The grass-court phenomenon

The sight of players delivering thunderous serves before rushing to the net to finish the point with powerful volleys is symbolic to one tennis tournament- the most prestigious of them all- The Wimbledon.

Roger Federer, one of Wimbledon's all-time greats, taking serve at the centre court of the All England Lawn Tennis and Croquet Club.   -  Getty Images

For two weeks in July, the greatest Tennis players, clad in all-whites, will assemble on the lush green lawns of Wimbledon, each looking to etch their names in history.

The sight of players delivering thunderous serves before rushing to the net to finish the point with powerful volleys is symbolic to one tennis tournament- the most prestigious of them all- The Wimbledon.

Along with a spot in eternal history, the winners of the championship also pocket a whopping £2.2 million in the singles category, £400,000 each for the doubles winners and 100,000 each for mixed doubles winners, taking the total tally for this year's tournament to £31.6 million.

With the Wimbledon set to get under-way on 3 July, we delve into the glorious history of the iconic tournament.

Humble beginnings

The first version of the tournament dates back to 1877 and was organised by The All England Lawn Tennis and Croquet Club. The club subsequently dropped the word “croquet” from its title in 1882, but was later restored keeping in mind public sentiment. The club is better known as the All England Club today.

The inaugural tournament was won by a gentleman named Spencer Gore, who is credited to having invented the serve and volley technique. The sport of Tennis was itself in its very nascent stages and was dominated by baseline play. Gore developed the then unique, but now brilliant idea of rushing to the net after his serve and volleying the return away from his opponent, leaving them utterly perplexed. The very next edition in 1878 saw the development of a counter to this practice by Patrick Francis Hadow, who came up with the ingenious idea to play a lob shot over the head of the opponent who was rushing to the net to play a volley. The stroke saw him eventually clinch his first and only Wimbledon crown, that year.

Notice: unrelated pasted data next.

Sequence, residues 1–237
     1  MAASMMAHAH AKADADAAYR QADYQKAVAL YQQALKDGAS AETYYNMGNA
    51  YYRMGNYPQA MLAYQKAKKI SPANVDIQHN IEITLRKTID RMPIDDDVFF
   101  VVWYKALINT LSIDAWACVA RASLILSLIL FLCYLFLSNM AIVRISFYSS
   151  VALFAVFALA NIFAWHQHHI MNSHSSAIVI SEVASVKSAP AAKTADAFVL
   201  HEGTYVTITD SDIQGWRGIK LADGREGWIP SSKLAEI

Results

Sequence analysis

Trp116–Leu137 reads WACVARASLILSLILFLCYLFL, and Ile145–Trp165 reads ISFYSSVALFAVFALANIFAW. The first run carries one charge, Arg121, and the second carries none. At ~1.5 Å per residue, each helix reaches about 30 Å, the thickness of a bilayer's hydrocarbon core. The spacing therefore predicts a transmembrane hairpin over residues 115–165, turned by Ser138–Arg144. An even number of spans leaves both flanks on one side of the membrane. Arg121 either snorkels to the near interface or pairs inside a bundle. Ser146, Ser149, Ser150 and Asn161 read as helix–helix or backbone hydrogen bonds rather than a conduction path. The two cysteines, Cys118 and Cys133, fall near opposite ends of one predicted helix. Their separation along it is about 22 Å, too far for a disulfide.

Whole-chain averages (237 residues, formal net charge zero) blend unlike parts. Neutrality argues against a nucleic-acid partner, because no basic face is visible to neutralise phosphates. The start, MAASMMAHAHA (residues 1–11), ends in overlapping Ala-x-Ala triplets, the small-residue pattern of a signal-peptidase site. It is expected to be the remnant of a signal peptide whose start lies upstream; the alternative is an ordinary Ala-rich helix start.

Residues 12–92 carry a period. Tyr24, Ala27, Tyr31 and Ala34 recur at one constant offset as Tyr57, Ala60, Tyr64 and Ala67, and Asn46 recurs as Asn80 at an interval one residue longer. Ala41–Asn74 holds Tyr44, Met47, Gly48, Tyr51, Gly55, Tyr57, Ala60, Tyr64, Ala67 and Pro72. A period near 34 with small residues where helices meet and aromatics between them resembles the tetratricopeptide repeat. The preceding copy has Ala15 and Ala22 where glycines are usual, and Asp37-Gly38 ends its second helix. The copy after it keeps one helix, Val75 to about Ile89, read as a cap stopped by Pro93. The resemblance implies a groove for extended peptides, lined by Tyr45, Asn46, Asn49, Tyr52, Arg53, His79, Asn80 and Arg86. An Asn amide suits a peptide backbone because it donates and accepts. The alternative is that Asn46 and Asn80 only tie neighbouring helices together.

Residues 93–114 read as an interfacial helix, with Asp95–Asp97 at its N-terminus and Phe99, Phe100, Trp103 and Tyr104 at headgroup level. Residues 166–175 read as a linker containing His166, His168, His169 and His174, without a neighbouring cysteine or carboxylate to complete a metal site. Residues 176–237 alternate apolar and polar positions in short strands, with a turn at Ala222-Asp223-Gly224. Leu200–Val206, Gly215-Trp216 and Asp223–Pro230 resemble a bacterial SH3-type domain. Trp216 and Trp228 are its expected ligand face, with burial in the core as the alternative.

For the first seven editions, the participation was limited to only men. It was only in 1884 that the organisers added Ladies’ Singles and Gentlemen’s Doubles as a part of the tournament. Ladies’ Doubles and Mixed Doubles were later added in 1913, taking the total number of events at the tourney to five.

Junior Championships for boys was introduced in 1947 and the same for girls was implemented the next year. Doubles competition for the junior level was added in 1982.

As of today, the Wimbledon hosts five major competitions for adults and the junior championships as well.

Surface of play

Grass is said to be the original surface of play, thereby leading to the sport being named Lawn Tennis. While all four Grand Slams were initially played on grass, Wimbledon is the only grass-court Grand Slam played today. The US Open and Australian Open have switched to hard-courts, while the French Open is played on clay.

Playing on grass-courts is rather challenging as the ball zips off the grass, making it the fastest surface to play on. Players have to deal with balls zooming off the surface and it also keeping low at times, making it a skill to excel on grass.

This is one of the reasons why the tournament has been dominated by traditional serve and volley players. This is a technique where after serving, the player rushes to the net to volley his opponents return on the full, thereby finishing the point before it gets to more than three strokes.

Huge serves and powerful volleys are almost a pre-requsuite to perform on the surface.

Traditions

Being the oldest tournament in the sport, the Wimbledon is host to a wide number of strictly adhered to traditions.

- All players must be clad in suitable tennis attire that is almost entirely white. White does not include off-white or cream. Wristbands, Caps, socks and any other accessories worn by the player must also be predominantly white.

- The "Men's" and "Women's" competitions are referred to as "Gentlemen's" and "Ladies'" events.

- Players had to bow or drop a curtsy to members of the royal family, seated in the Royal Box in the Centre Court. However, this tradition was done away with in 2003 and is now enforced only if The Queen or The Prince of Wales is present in the royal box.

- Wimbledon also maintains the longest running sponsorship in sporting history with Slazenger. The British sporting goods manufacturer has supplied tennis balls for the tournament since 1902.

When is it held?